On the 5th October 2018, members of SAPVIA and various interest groups gathered at the Axiz Auditorium in Midrand for the SAPVIA IRP Stakeholder engagement workshop. The idea behind the workshop was to share insights on ways to appropriately respond to the 2018 Draft IRP document recently released by the Department of Energy.
Key amongst the presentations made on the day, was the key note address and presentation made by Mr. Jacob Mbele from the DoE (Department of Energy) in which he highlighted the following key elements in terms of the Draft IRP;
- The IRP is designed to support the country’s medium and long-term economic and social objectives.
- The IRP is equally designed to lower the cost of supply into the energy grid using the least cost model coupled with a conscience around the environmental sustainability of various energy sources.
Mr. Mbele also highlighted the significance of energy infrastructure in underpinning economic activity and growth in South Africa and that there needs to be robust infrastructure that is extensive enough to meet industrial, commercial and household needs.
In achieving this, the 2018 Draft IRP would therefore be a critical document, bearing in mind the four milestones that are core to its existence as a vision document;
- The development of valid input assumptions to create tangible outcomes
- The development of a business case and scenario analysis
- The development of a balanced plan
- The development of subsequent policy adjustments.
In terms of developing the input assumptions one of the things that was factored in was the fact that electricity demand decreased by 30% from the initial Draft IRP 2010 assumptions. Furthermore, Eskom’s existing generation and plant performance is not at expected levels so there is a need to procure more energy capacity in line with the energy mix and the least cost approach. This is also in “light” of the fact that the cost of new generation technologies has come down significantly.
Scenarios on the other hand, were analysed in line with the objectives of the IRP which is to provide electricity infrastructure that aims to ensure security of supply while minimizing the cost of supply, water usage and other environmental impacts.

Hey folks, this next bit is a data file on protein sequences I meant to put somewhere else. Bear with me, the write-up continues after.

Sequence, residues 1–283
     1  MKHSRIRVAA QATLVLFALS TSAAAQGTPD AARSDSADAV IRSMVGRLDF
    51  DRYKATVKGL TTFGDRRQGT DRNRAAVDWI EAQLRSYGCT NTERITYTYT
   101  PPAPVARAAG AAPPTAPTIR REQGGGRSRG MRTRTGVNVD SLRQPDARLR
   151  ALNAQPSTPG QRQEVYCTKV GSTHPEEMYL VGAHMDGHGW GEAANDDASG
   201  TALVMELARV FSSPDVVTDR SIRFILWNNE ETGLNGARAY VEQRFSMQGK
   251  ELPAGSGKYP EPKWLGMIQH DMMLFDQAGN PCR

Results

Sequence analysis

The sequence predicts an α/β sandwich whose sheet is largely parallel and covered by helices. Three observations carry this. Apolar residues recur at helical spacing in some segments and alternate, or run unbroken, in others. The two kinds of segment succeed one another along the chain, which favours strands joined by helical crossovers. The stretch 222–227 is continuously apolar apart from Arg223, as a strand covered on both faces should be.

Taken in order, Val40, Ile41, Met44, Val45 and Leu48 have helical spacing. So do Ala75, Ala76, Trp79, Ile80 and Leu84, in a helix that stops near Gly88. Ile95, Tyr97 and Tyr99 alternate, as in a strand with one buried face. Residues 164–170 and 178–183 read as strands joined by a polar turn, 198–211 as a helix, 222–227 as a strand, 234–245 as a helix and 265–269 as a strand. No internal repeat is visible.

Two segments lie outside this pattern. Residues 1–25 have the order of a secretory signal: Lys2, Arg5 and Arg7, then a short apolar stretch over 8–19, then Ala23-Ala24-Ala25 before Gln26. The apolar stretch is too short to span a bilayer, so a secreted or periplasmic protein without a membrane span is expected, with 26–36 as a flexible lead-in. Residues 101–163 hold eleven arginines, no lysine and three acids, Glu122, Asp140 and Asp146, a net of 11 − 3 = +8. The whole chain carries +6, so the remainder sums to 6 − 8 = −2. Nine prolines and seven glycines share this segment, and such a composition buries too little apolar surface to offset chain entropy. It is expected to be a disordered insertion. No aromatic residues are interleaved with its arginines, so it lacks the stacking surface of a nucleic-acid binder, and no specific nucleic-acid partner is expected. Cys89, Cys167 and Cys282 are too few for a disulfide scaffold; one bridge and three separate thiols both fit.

Present at the forum, was the CSIR; where they provided further insights into the implications of the above-mentioned least cost scenario while imposing new build limits on technologies employed. New build limits on technologies imply that no more than the imposed limits per technology can be built in any given year. Currently these built limits have only been applied to two new technologies, that being; Solar PV and Wind technologies.
Solar PV is limited to 10 000 MW annually which will result in a move from 2,5% of peak demand in 2020 to 1,7% of peak demand by 2050, whereas wind is limited to 1600 MW annually which result in a move from 4,0% of peak demand in 2020 to 2,7% of peak demand in 2050.
Comparatively speaking however, other Countries are installing more Solar PV per year than South Africa’s proposed IRP new build limits for 2030/2050. Lastly, Solar PV and wind penetration in leading countries is already between 1 and 1,3 times the levels expected in the draft IRP for the year 2050.
In conclusion, the workshop was a real success with guest speakers such as Mr. Bernad Magoro from Eskom highlighting the positive impact of the current renewable energy penetration levels on the Eskom’s national grid particularly when it comes to operational performance (i.e. Load forecasting). Mr. Dave Collins from Mac Consulting on the other hand touched on environmental constraints such as Carbon dioxide emissions and water by highlighting that, global warming and concerning climatic changes are worsened by the current high levels of Carbon dioxide emissions that are mostly caused by burning traditional energy sources such as coal. Decarbonisation of electricity as mentioned in the 2018 Draft IRP is therefore a critical part of the solution, coupled with the significant drop in water consumption as part of the decarbonisation process.
As part of closing remarks, Professor Tobias Bischof- Niemz from the University of Johannesburg made a presentation on potential policy adjustments that could be made, such as; considering the deployment of new energy infrastructure where old infrastructure is no longer feasible, coupled with a need to implement capacity payments for reliably available energy capacity.